Transparency about recalls and reconditioning key to consumer trust, says new survey

When asked about their priorities when choosing who to buy a car from, 92 per cent of shoppers said that transparency was their top concern, according to a new survey commissioned by AutoAp, Inc., and Rapid Recon. The survey of 1,000 shoppers who intend to buy within three years, found that retailers’ transparency is a “critical part of building and maintaining trust in the sales and service process”. Being made aware of all safety recalls is a big part of this, according to respondents.

“For dealers to be even more successful, it is essential that they embrace innovative ways to provide critical information to customers leading up to and at the point of sale,” said Brad Preble, CARR Auto Group’s President. “Safety recall management systems can significantly strengthen customer relationships and help close more sales. If a dealer can remedy a known recall before they sell, it increases their likelihood to close the sale.”

The survey sought to measure several key attributes including how highly consumers value transparency, how much they trust auto dealers, and how vehicle safety recalls can impact the vehicle sales process.

The survey, called “Consumer Transparency Expectations,” found that consumers still trust automobile dealerships—new car dealers scored 80 per cent when consumers were asked to rate trust, while transparency rated 92 per cent, with 100 per cent being “extremely important”.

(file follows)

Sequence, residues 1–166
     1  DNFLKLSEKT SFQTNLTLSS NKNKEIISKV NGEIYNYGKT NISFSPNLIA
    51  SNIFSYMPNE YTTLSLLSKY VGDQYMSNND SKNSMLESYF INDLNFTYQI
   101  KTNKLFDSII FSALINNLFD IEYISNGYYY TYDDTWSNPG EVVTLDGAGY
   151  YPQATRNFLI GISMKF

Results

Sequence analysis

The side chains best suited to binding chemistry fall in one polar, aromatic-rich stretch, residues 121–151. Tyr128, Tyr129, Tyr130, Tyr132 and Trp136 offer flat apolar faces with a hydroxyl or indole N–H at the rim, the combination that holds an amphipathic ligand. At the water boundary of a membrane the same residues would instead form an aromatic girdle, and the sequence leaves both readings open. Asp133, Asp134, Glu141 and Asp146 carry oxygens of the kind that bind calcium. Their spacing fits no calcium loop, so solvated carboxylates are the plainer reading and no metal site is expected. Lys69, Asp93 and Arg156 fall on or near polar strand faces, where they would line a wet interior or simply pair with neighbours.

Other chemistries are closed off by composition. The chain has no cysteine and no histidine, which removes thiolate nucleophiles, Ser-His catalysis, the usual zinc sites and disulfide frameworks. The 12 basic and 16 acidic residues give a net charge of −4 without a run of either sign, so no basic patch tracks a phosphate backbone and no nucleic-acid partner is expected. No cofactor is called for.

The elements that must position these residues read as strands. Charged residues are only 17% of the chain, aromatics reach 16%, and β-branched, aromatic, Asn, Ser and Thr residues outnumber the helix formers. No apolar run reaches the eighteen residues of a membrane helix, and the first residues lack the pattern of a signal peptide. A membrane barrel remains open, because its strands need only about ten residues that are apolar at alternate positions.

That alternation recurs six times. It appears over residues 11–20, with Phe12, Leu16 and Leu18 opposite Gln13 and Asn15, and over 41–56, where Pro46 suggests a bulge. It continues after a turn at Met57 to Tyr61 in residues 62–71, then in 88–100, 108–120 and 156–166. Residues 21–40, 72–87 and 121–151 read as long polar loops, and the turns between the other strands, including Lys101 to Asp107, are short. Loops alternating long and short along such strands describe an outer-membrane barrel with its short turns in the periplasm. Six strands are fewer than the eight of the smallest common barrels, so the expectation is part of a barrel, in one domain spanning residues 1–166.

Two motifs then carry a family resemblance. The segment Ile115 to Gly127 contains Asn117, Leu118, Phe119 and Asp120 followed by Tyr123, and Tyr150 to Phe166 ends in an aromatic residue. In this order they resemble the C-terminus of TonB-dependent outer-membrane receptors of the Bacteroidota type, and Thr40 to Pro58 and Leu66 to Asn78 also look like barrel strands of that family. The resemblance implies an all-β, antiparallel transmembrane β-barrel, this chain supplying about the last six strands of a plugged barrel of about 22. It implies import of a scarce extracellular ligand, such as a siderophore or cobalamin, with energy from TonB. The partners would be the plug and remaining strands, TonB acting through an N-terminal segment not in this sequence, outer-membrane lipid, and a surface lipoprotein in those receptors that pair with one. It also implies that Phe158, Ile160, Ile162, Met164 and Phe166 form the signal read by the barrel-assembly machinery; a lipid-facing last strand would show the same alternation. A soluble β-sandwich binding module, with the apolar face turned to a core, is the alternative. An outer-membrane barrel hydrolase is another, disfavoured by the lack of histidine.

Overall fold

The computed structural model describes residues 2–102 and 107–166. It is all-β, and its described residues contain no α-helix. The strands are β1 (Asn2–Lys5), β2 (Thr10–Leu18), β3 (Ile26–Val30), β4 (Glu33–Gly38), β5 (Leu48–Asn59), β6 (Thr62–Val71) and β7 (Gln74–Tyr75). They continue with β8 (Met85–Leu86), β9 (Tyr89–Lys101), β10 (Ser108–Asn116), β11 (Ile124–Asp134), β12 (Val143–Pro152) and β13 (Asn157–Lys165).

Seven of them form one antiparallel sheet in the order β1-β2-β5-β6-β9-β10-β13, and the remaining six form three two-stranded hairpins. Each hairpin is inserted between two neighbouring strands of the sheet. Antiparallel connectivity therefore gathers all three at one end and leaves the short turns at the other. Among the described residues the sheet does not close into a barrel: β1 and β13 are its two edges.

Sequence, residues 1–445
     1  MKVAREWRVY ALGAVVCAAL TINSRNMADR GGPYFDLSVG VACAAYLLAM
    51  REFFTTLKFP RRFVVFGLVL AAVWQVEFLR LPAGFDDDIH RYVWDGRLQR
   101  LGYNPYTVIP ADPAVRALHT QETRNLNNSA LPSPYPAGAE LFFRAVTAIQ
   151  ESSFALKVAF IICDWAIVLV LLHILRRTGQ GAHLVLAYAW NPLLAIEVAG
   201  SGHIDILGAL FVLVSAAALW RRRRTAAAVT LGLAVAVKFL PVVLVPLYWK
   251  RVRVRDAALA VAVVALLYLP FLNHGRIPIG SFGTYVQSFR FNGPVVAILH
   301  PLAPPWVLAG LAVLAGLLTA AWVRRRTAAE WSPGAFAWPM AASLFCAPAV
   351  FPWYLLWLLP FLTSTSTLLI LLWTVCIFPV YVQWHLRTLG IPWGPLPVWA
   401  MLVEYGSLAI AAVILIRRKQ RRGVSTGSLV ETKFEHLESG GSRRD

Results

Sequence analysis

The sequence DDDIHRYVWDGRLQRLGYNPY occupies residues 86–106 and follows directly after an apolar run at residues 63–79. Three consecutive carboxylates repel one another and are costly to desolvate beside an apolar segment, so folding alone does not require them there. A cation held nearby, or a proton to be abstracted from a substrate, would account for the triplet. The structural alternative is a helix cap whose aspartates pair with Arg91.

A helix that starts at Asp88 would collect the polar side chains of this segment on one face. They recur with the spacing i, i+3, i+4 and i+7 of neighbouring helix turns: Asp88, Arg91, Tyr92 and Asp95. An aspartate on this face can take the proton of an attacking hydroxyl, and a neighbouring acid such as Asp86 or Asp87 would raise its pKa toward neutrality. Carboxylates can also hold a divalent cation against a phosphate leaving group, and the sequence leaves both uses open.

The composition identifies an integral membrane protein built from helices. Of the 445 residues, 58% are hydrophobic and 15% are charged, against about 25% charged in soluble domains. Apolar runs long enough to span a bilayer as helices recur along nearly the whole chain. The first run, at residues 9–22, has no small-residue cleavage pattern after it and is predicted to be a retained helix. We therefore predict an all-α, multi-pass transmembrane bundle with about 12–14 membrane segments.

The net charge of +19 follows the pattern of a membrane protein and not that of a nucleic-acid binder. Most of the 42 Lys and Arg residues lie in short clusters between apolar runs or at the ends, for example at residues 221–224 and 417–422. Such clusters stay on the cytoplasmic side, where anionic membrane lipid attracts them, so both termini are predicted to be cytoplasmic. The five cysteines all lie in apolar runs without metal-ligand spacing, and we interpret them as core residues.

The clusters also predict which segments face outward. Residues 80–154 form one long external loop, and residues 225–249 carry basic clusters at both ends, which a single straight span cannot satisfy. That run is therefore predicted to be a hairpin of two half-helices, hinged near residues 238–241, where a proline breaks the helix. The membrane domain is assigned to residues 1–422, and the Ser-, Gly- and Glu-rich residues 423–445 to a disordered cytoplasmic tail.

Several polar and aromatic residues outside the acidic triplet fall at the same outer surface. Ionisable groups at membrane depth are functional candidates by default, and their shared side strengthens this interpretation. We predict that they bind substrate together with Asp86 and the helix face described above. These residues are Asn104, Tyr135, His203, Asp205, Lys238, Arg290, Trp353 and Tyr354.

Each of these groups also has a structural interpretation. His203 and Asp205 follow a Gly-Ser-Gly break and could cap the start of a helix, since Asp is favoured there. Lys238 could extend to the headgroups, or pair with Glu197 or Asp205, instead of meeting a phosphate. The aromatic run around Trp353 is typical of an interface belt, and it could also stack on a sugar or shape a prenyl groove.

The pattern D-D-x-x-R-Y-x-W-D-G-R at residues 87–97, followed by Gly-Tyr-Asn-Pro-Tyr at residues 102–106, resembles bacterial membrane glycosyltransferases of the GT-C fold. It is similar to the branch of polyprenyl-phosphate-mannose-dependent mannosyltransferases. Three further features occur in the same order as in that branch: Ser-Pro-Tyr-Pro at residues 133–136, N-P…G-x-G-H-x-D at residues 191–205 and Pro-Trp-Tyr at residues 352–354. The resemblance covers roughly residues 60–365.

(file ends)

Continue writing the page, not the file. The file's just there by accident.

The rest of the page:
The survey also found that dealerships who do not disclose vehicles with open safety recalls will lose customer trust, future sales and potential referrals.

Approximately 20-25 per cent of all vehicles on the road have one or more open safety recalls. These vehicles are often sold, unknowingly to both the dealer and the customer, because of errors and delays in the vehicle recall ecosystem. Without an automated vehicle recall management system, it’s difficult to stay on top of—let alone ahead of—safety recalls.

“Dealer Transparency is required for consumer trust. It’s simple: Dealers who work to win and maintain trust sell more,” said Mark Paul, CEO of AutoAp, Inc. “Disclosing vehicle safety recalls is a critical element of transparency.”

The survey also shows that consumers are overwhelmingly more likely to purchase vehicles from dealerships with an automated process to identify and manage vehicle safety recalls versus one that does not (95 per cent versus five per cent).

A reconditioning ‘Seal of Approval’ is also likely to help auto dealers close more sales, according to the survey.

“The data speaks for itself. Customers value trust and transparency, especially when making a big purchase. Dealers who offer reconditioning reports give their customers peace of mind and build loyal relationships for future sales,” said Dennis McGinn, CEO of Rapid Recon. “Dealers need to encourage transparency during the sale process. A simple report detailing a used car’s recon report can be the extra detail that earns you a lifetime customer.”

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